Australia's Bushfire Blunder

By Keith Kloor | February 12, 2009 12:12 am

Let’s say, for the sake of argument, that the horrible fires in Australia can be partly attributed to global warming. It’s a legitimate storyline, which many in the media have picked up on.

By and large, these stories have been measured, with the appropriate caveats. (See here and here for two good examples.)

The brutal heat wave that preceded the fires (which Tom Yulsman graphically lays out here), combined with an epic drought, and high winds, set the stage for a tragic disaster that may have been initially caused by arsonists.

Still, in this insightful analysis published on the Forest History Society’s blog, environmental historian Stephen Pyne cautions against fixating on global warming or arson as the agents of destruction:

Both are reasons, and both are also potential misdirections.  Global warming might magnify outbreaks, but it means a change in degree, not in kind; and its effects must still be absorbed by the combustible cover.  Arson can put fire in the worst place at the worst time, but its power depends on ignition’s capacity to spread and on flame to destroy susceptible buildings.

Australia, says Pyne, knows this well. The country “developed many key concepts of fire ecology and models of bushfire behavior.  It pioneered landscape-scale prescribed burning as a method of bushfire management.”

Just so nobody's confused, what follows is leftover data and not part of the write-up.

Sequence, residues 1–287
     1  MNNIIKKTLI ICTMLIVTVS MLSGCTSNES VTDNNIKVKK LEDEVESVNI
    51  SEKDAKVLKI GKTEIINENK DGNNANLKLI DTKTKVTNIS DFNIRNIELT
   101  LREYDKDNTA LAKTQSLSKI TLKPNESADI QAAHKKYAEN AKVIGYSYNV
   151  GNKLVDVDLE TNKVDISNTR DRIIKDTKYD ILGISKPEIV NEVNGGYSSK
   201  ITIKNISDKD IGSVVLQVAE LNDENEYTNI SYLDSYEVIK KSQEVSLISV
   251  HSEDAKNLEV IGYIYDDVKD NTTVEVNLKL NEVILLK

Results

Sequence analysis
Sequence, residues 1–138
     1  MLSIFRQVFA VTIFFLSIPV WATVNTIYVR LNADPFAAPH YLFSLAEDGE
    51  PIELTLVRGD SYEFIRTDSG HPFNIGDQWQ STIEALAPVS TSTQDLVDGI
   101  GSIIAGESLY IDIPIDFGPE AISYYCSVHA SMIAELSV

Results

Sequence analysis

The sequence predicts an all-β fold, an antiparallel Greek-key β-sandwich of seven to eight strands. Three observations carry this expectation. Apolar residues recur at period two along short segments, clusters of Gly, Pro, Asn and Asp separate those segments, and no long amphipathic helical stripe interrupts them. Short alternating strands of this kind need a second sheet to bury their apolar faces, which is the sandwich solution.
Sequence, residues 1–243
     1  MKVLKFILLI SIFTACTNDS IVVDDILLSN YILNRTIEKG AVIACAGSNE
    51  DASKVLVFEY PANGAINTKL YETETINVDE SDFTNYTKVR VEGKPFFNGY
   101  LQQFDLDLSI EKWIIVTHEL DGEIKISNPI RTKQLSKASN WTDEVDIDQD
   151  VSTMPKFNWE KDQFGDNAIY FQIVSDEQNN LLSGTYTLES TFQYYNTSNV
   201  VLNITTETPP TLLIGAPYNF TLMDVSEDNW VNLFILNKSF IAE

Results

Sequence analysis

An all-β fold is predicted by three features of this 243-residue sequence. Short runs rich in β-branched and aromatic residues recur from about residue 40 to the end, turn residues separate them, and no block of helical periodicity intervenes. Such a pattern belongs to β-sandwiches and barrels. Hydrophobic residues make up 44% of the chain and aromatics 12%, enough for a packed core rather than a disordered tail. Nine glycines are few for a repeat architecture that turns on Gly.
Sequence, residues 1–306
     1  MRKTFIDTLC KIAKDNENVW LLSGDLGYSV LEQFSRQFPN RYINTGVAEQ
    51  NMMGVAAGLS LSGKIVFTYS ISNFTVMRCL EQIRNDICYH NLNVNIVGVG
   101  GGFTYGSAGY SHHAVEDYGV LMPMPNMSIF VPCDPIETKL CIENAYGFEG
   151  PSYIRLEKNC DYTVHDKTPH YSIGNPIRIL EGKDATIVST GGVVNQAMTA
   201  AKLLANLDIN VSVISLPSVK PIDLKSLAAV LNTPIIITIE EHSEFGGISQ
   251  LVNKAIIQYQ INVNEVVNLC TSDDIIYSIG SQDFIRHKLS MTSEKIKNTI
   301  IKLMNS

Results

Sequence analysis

In recent years, however, this knowledge has not been put into practice. Australia, Pyne writes,

seems to be abandoning its historic solutions for precisely the kind of telegenic suppression operations and political theater that have failed elsewhere.  Even when controlled burning is accepted “in principle,” there always seems a reason not to burn in this place or at this time.  The burning gets outsourced to lightning, accident, and arson.

Or global warming.

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  • Alexander Harvey

    My this is a quite little corner of the web.
    Now why am I thinking of dharma, beats, phlebitis, and bums.
    Are the fire lookouts still manned?
    I thouht fire management was stuff we knew and understood. Eventually it burns, or so it seems. The lands get dry and it is just so much tinder under an unforgiving sun, I have seen the sadness of the blackened stumps and burned out communities where  forgotten Spain meets Portugal. For sure the heat is to blame as is the dry. They grow Euchalyptus there but also firs and pines, The native cork oak is made for fire so it is hardly a novelty that stuff burns. The cork oak brushes off the flames, it stands and soon fresh leaves fill its canopy. To own one is to marry it for they are protected heritage and with the holm oak they are the essence of the de hesa. Who will manage them when the last of the shepherds are gone?
    Alex

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Collide-a-Scape

Collide-a-Scape is an archived Discover blog. Keep up with Keith's current work at http://www.keithkloor.com/

About Keith Kloor

Keith Kloor is a NYC-based journalist, and an adjunct professor of journalism at New York University. His work has appeared in Slate, Science, Discover, and the Washington Post magazine, among other outlets. From 2000 to 2008, he was a senior editor at Audubon Magazine. In 2008-2009, he was a Fellow at the University of Colorado’s Center for Environmental Journalism, in Boulder, where he studied how a changing environment (including climate change) influenced prehistoric societies in the U.S. Southwest. He covers a wide range of topics, from conservation biology and biotechnology to urban planning and archaeology.

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